by Nyssa Hughes and
As promised, we continue our series on new uses for Das
BlinkenBoard. This month, we feature an amazing and simple mod
from the "UnfocusedBrains" of James Delaney and Nyssa Hughes.
By adding a Hall-effect sensor and a 2K resistor, they have turned
the mild mannered Das BlinkenBoard into a magnetic field
detector! It uses the LEDs as a bar-graph to display both relative
field strength and magnetic pole polarity of magnets held near the
sensor. In their own words, here's how James and Nyssa did it:
Because our home laboratory was without a way to measure
relative magnetic field strength, we figured it was time to build a
simple Gauss meter. Turns out it was really easy! We started by
reading a few datasheets, then settling on a Honeywell SS49
analog position sensor (which is a type of Hall-effect sensor). By
connecting the part to a voltmeter, we were able to detect magnetic fields from various magnets and read voltage levels from the
SS49 to determine the
field's relative strength.
Not wanting to stop
there, we decided to
build a steam-punk
inspired "prop" version of
a magnet detector.
Fortunately, we had a
Das BlinkenBoard on
hand, so James built a
cable to connect the
SS49 to the BlinkenBoard
(FIGURE A). When it
came time to program
the microprocessor on
the BlinkenBoard, James
ran into some challenges
when he discovered that
the datasheet for the SS49 sensor was very confusing. Our friend
Paul Atkinson came to the rescue (he always seems to be helping
us out!). He read the datasheet and told James that a 2K ohm
"load" resistor would be needed to make the SS49 work according
to specifications. We simply added the resistor and Der
Magnetfelder Detektor (DMD) was born.
Now that we had the unit working, the final step was to build
a snazzy case in which to place the electronics. Since this is a prop
version of a magnet detector, we decided to build it as a piece of
foam covered in an ink jet
color-printed "skin." Nyssa cut
two pieces of foam into a 3" x
5" rectangle to make the case
deep enough. She then cut a
BlinkenBoard-sized hole in
both pieces. As James
designed the custom graphics
FIGURE A. Schematic showing how
to connect the SS49 to the
FIGURE B. The printed cover for
“Der Magnetfelder Detektor.”
gallon water jug was sitting on a cooler by the kitchen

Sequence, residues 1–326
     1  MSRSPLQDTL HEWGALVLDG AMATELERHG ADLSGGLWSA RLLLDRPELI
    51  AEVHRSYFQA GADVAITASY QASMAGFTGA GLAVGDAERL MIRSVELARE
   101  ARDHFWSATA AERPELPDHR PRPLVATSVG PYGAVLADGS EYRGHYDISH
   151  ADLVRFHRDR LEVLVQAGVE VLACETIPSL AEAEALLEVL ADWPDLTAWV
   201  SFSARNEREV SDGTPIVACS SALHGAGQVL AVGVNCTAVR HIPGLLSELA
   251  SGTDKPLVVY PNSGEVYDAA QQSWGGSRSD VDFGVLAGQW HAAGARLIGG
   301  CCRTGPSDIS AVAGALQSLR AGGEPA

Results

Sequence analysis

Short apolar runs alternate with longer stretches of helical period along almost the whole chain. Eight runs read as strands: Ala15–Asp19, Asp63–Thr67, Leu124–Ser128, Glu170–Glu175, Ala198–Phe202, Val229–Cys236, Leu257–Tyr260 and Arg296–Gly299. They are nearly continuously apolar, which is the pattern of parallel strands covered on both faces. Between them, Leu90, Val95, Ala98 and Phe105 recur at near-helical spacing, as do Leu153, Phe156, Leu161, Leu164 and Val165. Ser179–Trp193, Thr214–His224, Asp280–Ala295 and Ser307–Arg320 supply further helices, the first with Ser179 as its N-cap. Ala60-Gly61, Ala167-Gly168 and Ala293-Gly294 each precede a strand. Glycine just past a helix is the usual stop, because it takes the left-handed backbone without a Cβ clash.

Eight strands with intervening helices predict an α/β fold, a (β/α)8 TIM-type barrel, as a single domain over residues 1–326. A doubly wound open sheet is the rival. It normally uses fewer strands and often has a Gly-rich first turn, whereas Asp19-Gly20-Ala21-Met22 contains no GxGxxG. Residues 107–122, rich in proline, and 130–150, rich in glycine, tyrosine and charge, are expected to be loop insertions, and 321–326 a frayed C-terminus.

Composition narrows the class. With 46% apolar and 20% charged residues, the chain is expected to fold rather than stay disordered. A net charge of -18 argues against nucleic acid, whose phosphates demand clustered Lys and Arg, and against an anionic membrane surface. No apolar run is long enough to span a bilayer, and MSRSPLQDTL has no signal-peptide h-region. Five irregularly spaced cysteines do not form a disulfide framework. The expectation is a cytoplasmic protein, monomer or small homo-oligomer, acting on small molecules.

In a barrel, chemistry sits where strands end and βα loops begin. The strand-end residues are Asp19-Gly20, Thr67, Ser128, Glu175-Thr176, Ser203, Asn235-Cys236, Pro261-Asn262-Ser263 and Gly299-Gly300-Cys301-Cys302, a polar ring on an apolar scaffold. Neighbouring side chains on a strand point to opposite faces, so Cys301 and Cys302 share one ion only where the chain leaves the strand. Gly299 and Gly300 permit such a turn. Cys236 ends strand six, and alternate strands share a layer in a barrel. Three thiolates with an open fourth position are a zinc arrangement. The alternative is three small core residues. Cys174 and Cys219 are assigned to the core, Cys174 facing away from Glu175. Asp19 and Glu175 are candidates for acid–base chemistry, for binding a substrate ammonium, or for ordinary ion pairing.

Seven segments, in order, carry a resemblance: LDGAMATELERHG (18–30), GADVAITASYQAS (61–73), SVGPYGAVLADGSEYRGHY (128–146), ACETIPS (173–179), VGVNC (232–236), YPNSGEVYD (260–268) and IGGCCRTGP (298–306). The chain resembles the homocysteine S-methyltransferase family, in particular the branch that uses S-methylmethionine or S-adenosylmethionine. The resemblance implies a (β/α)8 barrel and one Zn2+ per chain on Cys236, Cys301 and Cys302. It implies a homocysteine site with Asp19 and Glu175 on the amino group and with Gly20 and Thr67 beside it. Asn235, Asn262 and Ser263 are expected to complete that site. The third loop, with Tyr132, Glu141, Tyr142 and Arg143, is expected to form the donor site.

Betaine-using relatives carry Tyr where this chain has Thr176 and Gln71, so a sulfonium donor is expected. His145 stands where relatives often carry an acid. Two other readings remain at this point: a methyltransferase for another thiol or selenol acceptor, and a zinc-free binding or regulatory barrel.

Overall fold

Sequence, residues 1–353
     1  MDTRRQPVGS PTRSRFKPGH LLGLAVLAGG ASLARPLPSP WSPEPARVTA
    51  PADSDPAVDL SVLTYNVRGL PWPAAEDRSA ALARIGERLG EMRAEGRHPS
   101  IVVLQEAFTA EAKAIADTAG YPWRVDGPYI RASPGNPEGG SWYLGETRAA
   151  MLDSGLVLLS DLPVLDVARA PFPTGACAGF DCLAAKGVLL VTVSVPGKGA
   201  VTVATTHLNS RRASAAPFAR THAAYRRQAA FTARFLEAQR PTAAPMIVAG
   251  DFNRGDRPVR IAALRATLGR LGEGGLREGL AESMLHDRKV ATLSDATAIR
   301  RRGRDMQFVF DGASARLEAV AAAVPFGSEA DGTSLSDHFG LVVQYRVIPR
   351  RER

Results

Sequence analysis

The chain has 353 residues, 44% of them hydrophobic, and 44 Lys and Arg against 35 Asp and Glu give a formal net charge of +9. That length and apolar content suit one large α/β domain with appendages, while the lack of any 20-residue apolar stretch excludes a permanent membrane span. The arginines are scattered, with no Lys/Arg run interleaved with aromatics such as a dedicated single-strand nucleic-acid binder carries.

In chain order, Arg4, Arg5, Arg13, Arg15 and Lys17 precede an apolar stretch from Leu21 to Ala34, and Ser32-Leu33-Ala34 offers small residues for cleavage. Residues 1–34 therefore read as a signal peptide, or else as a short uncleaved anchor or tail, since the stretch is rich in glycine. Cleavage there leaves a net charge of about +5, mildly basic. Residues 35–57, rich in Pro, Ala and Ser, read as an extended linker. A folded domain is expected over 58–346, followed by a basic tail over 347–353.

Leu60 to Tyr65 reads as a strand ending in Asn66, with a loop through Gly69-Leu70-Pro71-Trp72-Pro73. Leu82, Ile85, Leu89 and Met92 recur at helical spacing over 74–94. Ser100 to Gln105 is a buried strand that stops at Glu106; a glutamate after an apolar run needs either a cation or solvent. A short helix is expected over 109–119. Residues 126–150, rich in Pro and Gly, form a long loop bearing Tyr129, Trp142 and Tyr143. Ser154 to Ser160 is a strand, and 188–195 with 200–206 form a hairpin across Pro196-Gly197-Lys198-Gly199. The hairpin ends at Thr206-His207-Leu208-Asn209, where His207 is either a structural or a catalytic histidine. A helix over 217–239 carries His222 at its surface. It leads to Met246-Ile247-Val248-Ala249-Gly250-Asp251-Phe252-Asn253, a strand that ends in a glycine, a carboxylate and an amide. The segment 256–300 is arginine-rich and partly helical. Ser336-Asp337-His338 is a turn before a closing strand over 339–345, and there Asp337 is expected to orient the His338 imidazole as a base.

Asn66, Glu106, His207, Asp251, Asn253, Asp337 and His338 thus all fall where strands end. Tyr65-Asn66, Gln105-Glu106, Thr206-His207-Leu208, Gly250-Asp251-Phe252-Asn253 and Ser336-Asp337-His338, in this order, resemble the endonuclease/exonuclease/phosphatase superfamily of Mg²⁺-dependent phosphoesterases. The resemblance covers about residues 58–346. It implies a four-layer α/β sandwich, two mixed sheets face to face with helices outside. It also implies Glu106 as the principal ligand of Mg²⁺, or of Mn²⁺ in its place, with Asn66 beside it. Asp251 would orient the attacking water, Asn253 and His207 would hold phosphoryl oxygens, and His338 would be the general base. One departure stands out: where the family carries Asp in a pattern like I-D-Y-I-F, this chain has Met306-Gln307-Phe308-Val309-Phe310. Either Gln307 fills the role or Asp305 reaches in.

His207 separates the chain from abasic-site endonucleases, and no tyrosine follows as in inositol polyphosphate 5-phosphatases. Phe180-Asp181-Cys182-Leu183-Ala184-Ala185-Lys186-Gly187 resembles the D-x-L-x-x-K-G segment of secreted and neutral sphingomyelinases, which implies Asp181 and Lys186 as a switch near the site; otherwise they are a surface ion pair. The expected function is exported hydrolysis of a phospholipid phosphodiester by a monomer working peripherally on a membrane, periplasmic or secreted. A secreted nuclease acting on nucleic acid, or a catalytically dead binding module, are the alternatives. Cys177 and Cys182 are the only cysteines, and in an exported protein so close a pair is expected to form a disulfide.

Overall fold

table where I was sketching. I envisioned the jug filled
with ping pong balls (like a gumball machine) and a motor
"stirring" the balls to make sure they flowed down the bottle
neck to the printer. I figured that would make a simple
and easy "hopper" to feed blank ping pong balls into the
printer. It looked good on paper and once built, it worked
fine with a handful of ping pong balls. However, once we
for the skin, Nyssa glued the
two pieces of foam together.
The graphic was printed,
sprayed with a layer of
protective acrylic, and cut
out (FIGURE B). The SS49
sensor was taped to the back
of the paper, with the sensor facing up (FIGURE C).
Next, Nyssa stuffed the BlinkenBoard into the foam frame
with the circuit. This allowed room to run all the cables for the
LEDs in the space beneath the circuit board. She pushed the SS49
sensor cable into a gap between the circuit board and the foam,
and plugged it into the circuit board.
Then, it was time to glue the graphic to the foam and drill the
holes. The graphic was glued only to the face of the DMD. Using a
drill press made quick work of the eight holes. With the holes
drilled, Nyssa was about to stuff the LEDs through, but first
needed to figure out which LED was "South." The first LED in the
series is the one that goes into the South hole. The eighth LED is
the one that goes into the North hole.
The LEDs were poked through the holes in sequential order.
After some adjustments, the LED cables got organized, plugged in,
and taped down. Nyssa poked a hole into the side of the paper-covered foam through
which to run the power.
She glued the sides of the
DMD and added some
foam feet (FIGURE D).
Now it was time to
play with magnets! By
holding a magnet to the
DMD's printed button, you
can determine the general
strength (i.e., one LED
versus eight LEDs) and the
alignment of the magnet.
If the bar graph starts on
the North side, you are holding the North pole of the magnet to
the sensor and vice-versa.
Please let us know if you configure your Das BlinkenBoard as
Der Magnetfelder Detektor. Also, please let us know if you do
something fun and interesting with your own Das BlinkenBoard.
You can send your emails to firstname.lastname@example.org.
FIGURE C. The Das
BlinkenBoard mounted in
the foam enclosure.
FIGURE D. The Cables and foam feet
on the bottom of the foam case.
Honeywell SS49 Sensor
James Delaney’s Blog
Nyssa Hughes’ Blog
Das BlinkenBoard Web Page
filled up the entire water jug, the first problem appeared.
At the beginning of the print cycle, the stirring rod
system would activate as designed but, instead of the balls
mixing around, they would "stack up" and stick to each
other. This would cause the stirring rods to bind and
resulted in the motor attempting to back spin, twisting
and eventually tearing up the motor wires.
Upon closer inspection, we discovered that — unlike
November 2009 63